The obvious view is that today’s election for two Los Angeles Unified School District board seats is the latest battle in the ongoing proxy war over charter schools. It is that, but it’s also the first phase of United Teachers Los Angeles president Alex Caputo-Pearl’s grand design to alter the direction of California politics.
Caputo-Pearl spelled it out in a speech last July before an audience of union activists. First would come victory in the LAUSD board races. Then, coordinated bargaining in LA, San Diego, San Bernardino, Oakland and San Francisco as teacher contracts expire in June. This would be followed by creating “a state crisis in early 2018” possibly in the form of a multi-district strike. After that, victory for the union’s hand-picked candidate in the 2018 gubernatorial race. All of which would culminate in the grand prize: the gutting of Proposition 13, the 1978 ballot initiative that capped the state’s property tax rates.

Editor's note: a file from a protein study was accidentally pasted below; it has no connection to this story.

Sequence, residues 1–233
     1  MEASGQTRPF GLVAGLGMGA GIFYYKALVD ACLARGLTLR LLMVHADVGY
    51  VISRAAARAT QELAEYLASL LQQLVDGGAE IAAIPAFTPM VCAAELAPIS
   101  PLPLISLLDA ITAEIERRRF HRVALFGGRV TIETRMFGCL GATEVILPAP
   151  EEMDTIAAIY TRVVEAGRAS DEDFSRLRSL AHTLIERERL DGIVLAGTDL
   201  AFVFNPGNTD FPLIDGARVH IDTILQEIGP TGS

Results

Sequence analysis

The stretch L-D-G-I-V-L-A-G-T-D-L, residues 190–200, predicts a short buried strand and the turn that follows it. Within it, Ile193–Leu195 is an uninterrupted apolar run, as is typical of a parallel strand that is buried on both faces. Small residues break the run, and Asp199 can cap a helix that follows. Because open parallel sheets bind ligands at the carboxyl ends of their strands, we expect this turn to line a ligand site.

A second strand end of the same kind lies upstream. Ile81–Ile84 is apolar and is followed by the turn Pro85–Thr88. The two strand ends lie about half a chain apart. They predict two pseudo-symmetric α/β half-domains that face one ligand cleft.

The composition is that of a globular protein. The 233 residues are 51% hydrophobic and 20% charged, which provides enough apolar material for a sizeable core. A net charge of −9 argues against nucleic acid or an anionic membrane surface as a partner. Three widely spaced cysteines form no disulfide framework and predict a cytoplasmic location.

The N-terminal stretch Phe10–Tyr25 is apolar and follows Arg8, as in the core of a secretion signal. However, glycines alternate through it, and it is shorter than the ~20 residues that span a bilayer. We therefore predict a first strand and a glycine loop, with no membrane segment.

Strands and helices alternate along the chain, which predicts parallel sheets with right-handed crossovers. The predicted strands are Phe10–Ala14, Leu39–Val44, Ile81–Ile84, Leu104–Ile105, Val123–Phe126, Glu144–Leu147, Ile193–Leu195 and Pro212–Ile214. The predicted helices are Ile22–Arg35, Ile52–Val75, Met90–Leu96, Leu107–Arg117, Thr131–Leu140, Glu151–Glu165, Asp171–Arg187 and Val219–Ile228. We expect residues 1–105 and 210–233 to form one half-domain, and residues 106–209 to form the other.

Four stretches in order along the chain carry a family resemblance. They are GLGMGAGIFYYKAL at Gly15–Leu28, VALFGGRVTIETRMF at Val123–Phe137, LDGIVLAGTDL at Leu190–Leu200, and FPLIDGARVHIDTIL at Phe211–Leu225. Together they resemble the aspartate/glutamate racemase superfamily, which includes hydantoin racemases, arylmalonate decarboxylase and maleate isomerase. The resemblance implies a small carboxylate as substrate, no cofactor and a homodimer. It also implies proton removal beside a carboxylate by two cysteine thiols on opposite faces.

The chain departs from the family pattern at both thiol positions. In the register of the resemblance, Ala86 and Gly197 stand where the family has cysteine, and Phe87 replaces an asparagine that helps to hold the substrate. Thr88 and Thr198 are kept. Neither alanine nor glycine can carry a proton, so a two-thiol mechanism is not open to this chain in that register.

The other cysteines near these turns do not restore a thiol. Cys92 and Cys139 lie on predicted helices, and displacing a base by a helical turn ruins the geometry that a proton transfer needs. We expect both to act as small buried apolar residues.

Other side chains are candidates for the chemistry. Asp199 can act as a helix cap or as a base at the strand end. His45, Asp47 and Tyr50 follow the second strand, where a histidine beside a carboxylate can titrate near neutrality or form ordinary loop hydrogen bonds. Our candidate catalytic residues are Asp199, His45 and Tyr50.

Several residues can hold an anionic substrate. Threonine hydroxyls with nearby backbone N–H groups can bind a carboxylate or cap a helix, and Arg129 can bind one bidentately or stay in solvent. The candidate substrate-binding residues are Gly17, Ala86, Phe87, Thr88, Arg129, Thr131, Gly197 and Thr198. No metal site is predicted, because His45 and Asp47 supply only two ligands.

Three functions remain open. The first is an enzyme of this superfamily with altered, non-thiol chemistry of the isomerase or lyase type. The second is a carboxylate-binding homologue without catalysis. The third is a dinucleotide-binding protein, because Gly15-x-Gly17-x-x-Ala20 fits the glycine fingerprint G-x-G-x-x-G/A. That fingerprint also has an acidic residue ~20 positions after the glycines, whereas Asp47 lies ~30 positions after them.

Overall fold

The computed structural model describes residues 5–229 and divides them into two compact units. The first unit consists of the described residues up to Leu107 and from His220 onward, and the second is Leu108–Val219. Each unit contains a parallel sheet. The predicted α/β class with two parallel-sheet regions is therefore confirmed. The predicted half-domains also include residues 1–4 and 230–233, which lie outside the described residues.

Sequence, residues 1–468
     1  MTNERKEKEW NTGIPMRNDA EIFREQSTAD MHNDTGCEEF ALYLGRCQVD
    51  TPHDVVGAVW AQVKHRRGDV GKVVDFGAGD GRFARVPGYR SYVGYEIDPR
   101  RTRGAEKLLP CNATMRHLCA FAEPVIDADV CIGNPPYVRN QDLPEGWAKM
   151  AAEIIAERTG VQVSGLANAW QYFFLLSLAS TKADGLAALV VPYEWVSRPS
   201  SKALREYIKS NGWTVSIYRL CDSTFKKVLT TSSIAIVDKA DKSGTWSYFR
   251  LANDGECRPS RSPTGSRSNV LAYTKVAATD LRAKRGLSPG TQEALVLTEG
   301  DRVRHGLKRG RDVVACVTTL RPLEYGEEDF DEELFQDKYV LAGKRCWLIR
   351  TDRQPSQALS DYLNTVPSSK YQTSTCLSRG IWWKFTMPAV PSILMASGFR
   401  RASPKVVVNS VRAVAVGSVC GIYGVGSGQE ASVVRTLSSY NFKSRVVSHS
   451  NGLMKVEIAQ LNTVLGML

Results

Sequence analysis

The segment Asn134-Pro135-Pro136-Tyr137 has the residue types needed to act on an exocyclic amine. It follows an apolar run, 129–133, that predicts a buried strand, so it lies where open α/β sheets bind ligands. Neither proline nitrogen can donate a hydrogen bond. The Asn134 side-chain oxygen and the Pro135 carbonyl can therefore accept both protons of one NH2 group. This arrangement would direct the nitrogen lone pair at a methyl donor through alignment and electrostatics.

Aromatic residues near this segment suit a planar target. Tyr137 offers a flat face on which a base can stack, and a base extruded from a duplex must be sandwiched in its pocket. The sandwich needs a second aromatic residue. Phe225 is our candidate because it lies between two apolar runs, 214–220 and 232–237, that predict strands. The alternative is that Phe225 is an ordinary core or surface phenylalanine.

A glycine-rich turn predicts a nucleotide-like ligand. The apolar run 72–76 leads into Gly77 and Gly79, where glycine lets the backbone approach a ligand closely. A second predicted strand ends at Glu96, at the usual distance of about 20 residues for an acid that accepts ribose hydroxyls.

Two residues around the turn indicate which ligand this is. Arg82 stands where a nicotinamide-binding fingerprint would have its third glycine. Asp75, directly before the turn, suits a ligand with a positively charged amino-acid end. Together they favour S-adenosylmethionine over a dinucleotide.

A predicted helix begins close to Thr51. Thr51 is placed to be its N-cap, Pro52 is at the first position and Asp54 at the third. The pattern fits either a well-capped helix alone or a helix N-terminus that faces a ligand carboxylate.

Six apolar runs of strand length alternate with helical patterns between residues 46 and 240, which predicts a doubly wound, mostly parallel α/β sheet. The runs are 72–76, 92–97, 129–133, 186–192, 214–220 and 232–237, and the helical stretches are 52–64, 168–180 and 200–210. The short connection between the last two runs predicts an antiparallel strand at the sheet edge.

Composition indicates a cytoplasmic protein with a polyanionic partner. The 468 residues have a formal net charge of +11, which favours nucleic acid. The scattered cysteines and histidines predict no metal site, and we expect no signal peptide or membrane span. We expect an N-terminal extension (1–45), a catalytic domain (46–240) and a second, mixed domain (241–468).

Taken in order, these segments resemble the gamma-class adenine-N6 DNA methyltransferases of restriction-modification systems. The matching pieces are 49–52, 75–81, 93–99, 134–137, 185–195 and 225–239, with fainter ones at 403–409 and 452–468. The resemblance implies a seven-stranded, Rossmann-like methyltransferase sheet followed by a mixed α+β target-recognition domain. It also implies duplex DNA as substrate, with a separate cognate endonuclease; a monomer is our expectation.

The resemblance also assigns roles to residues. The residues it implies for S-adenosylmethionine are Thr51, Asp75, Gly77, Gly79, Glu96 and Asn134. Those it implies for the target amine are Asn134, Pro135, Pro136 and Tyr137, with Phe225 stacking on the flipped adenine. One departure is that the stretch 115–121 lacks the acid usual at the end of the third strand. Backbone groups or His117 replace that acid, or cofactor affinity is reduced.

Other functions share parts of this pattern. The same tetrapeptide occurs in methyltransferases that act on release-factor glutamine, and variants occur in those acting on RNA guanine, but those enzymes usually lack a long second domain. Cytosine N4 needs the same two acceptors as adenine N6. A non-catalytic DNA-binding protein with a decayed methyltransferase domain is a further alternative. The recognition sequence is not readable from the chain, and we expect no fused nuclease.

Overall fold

I doubt a defeat in today’s election will derail this freight train, but it might slow down Caputo-Pearl’s statewide ambitions. It’s traditional for California’s teacher unions to overreach when things are going their way. But their grasp has grown long, and it’s hard to determine what’s beyond their capabilities.